Recent Update Causes 1080p Stutter/Crash

Hi. After applying the July 2023 update to my Vero 4K+, it’s unable to play anything 1080p or above. SD-quality files are fine, but anything in high definition maxes out the machine. Video stutters/buffers for as long as it can before giving me the sad face screen.

Please tell me I messed up some settings while bored, and that this doesn’t require a clean install.


Does it do the same if you are playing content stored on the other drive you have connected?

It’s the same for all drives.

Your system did not update properly.
You can check for updates again, or run sudo apt-get -f install via SSH.

running that via SSH worked. thank you!

Glad to hear this.

Can you please explain me in details how to do This SSH thing? Before This last update I am with The same problem with my vero 4K+.

In the hacker movies when they claim to hop from system to system to system. That’s accomplished via ssh. It isn’t made up.

ssh is how Unix systems communicate. It has been a replacement for rsh since the mid-1990s. Basically, every Unix/Linux admin in the world uses ssh to manage their systems from a single workstation. Doesn’t matter if the target system is sitting on the same shelf or on the other side of the planet. ssh is how we connect and manage it.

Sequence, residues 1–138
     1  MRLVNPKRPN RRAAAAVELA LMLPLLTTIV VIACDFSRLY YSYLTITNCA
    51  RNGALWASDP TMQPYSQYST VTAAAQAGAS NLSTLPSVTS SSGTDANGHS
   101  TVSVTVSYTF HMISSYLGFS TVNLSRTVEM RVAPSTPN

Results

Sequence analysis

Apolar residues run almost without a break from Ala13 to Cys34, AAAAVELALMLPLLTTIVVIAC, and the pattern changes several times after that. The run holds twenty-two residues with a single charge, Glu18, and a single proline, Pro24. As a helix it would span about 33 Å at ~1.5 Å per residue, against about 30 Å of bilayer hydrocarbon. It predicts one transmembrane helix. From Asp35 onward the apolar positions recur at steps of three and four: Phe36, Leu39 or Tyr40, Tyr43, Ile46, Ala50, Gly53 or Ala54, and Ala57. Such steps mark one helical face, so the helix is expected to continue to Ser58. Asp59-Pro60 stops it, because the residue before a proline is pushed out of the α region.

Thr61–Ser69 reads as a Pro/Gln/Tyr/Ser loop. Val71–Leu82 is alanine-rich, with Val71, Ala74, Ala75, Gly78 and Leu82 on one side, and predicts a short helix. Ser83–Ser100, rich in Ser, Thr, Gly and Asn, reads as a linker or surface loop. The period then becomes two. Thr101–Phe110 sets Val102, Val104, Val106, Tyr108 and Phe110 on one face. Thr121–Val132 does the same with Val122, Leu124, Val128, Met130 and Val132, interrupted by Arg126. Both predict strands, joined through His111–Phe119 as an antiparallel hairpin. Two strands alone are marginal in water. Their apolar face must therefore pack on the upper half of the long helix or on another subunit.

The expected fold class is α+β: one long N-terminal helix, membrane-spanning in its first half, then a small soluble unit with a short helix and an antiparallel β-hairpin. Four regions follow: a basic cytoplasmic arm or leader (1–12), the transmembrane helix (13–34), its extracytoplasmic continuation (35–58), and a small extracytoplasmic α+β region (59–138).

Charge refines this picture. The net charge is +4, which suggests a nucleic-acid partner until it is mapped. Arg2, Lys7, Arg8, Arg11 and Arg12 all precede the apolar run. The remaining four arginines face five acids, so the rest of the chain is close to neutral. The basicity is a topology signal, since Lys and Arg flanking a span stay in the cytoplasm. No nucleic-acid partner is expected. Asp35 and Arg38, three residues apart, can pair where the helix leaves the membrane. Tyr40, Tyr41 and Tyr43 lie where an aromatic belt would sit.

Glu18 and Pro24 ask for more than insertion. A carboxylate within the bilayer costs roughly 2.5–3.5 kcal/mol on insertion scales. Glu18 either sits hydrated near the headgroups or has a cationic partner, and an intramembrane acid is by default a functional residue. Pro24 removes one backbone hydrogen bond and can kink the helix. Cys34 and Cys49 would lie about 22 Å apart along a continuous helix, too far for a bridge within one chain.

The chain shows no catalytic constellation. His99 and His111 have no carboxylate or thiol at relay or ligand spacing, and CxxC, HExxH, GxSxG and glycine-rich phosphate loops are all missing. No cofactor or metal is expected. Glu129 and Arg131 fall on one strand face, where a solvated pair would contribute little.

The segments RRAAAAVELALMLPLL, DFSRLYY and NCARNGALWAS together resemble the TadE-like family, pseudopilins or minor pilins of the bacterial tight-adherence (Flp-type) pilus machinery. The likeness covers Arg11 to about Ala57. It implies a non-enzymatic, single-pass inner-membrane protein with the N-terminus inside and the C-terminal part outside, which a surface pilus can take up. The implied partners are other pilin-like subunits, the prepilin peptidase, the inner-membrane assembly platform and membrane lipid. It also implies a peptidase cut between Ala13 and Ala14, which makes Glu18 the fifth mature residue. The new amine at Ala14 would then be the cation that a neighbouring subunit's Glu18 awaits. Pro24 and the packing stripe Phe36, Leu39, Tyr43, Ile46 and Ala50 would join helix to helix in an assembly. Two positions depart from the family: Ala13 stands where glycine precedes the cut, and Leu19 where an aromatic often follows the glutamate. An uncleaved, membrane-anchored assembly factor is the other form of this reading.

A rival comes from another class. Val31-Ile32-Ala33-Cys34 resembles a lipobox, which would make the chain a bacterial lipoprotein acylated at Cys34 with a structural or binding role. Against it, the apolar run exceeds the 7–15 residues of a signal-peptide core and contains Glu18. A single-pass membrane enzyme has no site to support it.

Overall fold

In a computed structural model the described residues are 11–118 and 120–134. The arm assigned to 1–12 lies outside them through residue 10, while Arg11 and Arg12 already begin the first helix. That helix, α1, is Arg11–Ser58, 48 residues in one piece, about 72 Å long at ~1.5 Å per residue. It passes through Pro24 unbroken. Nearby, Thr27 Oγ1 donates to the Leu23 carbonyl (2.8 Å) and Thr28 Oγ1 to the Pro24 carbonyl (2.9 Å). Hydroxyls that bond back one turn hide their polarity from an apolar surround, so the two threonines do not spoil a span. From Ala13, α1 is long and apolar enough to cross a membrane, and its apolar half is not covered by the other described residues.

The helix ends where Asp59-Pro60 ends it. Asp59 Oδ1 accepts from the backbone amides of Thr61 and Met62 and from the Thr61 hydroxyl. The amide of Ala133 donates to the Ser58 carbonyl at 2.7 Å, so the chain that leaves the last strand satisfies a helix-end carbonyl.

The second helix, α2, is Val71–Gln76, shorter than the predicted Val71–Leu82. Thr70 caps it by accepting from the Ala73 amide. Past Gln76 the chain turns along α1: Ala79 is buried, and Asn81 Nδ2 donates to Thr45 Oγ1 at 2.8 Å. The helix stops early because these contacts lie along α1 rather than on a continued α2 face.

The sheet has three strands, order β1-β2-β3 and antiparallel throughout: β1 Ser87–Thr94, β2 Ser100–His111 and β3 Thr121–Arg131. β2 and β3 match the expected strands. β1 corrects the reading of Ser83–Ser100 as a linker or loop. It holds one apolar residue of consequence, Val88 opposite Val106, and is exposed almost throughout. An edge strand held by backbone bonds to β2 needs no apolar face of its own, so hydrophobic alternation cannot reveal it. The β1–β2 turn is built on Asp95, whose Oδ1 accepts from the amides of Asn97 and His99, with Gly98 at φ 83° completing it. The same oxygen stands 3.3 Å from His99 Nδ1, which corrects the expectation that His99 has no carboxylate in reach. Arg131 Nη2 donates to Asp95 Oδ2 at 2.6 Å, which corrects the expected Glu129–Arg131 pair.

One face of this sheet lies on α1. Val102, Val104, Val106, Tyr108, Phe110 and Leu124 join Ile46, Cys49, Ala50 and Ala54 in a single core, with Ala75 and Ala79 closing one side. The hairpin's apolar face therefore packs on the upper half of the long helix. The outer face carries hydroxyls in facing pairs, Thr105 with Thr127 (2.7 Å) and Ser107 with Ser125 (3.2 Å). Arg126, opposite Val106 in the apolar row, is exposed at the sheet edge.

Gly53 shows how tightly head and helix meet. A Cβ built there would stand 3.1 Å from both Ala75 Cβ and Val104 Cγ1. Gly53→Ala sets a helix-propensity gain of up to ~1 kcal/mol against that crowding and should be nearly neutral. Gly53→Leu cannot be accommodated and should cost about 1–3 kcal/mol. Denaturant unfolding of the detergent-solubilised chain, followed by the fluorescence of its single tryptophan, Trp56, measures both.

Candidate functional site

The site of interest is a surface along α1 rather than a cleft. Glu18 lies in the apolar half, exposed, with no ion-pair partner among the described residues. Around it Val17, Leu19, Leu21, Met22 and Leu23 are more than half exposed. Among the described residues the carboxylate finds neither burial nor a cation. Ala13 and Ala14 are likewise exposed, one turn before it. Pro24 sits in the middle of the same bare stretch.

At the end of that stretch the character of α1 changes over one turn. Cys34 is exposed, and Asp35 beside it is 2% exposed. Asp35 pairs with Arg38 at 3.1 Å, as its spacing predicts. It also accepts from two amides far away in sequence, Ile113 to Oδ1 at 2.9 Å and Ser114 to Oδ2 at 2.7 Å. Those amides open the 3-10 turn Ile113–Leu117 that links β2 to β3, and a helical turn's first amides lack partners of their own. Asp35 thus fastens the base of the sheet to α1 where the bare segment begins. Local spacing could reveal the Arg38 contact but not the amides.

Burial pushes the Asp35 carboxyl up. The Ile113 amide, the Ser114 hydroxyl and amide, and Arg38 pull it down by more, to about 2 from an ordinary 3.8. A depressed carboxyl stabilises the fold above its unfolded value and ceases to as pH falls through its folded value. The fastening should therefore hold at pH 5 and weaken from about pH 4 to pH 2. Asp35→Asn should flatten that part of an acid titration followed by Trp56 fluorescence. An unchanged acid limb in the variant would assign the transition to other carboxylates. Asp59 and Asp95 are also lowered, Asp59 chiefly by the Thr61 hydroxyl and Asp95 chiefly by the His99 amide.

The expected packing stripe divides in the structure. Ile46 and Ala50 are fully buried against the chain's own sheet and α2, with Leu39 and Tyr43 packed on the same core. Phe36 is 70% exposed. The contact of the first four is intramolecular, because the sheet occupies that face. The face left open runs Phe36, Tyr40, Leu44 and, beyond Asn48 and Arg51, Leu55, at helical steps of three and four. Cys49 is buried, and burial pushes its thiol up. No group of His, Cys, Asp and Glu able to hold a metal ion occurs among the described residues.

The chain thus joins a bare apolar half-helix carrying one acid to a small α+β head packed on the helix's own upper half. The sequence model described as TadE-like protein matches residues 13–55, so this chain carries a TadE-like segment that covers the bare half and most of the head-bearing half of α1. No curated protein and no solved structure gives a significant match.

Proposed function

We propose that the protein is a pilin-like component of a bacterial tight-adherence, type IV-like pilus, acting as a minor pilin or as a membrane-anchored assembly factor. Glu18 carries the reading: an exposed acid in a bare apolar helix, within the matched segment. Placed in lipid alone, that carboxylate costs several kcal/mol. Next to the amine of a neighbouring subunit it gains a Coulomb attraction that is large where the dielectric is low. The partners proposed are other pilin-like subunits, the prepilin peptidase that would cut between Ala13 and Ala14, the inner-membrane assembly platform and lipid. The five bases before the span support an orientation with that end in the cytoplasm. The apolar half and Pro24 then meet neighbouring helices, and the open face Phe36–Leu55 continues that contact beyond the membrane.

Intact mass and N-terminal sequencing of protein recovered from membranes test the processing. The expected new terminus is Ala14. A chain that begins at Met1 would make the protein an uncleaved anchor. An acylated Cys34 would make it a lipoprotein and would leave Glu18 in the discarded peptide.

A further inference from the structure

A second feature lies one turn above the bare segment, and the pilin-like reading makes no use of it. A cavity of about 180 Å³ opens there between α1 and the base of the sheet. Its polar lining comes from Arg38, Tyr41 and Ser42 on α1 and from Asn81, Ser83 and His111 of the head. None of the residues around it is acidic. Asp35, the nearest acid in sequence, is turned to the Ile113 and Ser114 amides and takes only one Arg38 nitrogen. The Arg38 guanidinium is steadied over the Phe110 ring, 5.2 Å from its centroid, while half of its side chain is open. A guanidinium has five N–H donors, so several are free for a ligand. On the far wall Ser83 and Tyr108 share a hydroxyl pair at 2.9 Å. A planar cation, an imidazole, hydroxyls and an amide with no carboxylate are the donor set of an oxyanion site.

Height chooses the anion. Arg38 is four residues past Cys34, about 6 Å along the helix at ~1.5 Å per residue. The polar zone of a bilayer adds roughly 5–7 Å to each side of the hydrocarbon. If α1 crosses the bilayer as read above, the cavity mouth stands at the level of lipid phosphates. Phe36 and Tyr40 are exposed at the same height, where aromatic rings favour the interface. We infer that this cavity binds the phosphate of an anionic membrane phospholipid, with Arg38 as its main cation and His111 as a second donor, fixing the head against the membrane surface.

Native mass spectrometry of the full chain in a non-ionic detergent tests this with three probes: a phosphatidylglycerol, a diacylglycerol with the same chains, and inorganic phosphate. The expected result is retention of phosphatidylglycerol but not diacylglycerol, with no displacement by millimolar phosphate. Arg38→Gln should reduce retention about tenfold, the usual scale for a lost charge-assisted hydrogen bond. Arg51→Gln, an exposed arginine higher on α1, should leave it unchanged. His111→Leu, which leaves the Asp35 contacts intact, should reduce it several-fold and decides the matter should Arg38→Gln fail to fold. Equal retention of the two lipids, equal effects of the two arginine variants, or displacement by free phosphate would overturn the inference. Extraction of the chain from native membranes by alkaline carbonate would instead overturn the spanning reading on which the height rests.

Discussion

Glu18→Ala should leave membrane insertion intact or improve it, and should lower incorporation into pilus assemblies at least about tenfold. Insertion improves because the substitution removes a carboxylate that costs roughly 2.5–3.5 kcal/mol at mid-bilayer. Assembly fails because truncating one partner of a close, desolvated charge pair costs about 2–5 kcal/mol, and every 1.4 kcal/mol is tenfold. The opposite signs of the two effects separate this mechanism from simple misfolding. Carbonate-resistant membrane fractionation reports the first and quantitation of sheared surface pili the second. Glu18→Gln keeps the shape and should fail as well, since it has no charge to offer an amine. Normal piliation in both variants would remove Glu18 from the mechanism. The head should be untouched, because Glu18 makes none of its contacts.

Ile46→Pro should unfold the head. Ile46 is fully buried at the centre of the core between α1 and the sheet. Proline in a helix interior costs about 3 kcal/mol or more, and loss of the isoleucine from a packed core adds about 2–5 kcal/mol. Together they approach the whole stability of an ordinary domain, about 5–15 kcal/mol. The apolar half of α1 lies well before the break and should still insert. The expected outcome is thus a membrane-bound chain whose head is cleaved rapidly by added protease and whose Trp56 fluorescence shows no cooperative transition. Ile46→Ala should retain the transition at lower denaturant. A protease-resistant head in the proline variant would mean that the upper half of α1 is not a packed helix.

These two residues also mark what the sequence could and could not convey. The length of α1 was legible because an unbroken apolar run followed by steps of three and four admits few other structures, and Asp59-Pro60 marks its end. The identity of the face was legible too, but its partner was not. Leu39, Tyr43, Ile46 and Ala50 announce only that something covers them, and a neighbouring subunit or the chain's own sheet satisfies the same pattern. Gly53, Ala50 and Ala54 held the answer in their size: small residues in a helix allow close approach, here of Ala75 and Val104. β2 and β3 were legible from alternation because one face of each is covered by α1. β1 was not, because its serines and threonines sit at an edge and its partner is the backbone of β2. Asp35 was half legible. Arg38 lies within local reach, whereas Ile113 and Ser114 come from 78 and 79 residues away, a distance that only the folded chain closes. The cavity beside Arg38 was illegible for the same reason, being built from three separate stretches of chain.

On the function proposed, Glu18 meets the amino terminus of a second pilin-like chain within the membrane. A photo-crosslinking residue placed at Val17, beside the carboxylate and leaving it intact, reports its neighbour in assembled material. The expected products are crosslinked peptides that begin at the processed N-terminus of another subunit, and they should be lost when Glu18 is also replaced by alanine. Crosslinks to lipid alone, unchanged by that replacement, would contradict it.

ssh can do so many things. A quick list:
ssh is enough for

  • secure remote CLI/shell access to systems with plain ssh
  • securely run remote X11 applications through an ssh tunnel for display on the local X/Server
  • secure remote access to files via sftp (Linux file managers support this)
  • secure remote filesystem access via sshfs
  • secure remote desktops via x2go (more secure than rdp/vnc)
  • secure remote file replication with rsync (ssh is the default rsync protocol)
  • secure port forwarding of selected ports - a SOCKS5 browser proxy is an example
  • secure remote editing with vim/gvim and other editors
  • pseudo-VPN with sshuttle

ssh really is the toolbox for remote connectivity between systems.

A good resource about all things ssh is the wikibooks OpenSSH Client Conf entry.

If your workstation isn’t Linux/Unix, things aren’t as standard, but there is an ssh client for every OS with a network stack. MS-Windows users probably want PuTTY and WinSCP for their clients.

sftp can be used to securely access files over the internet. It uses the same port that sshd listens on and all ssh security applies.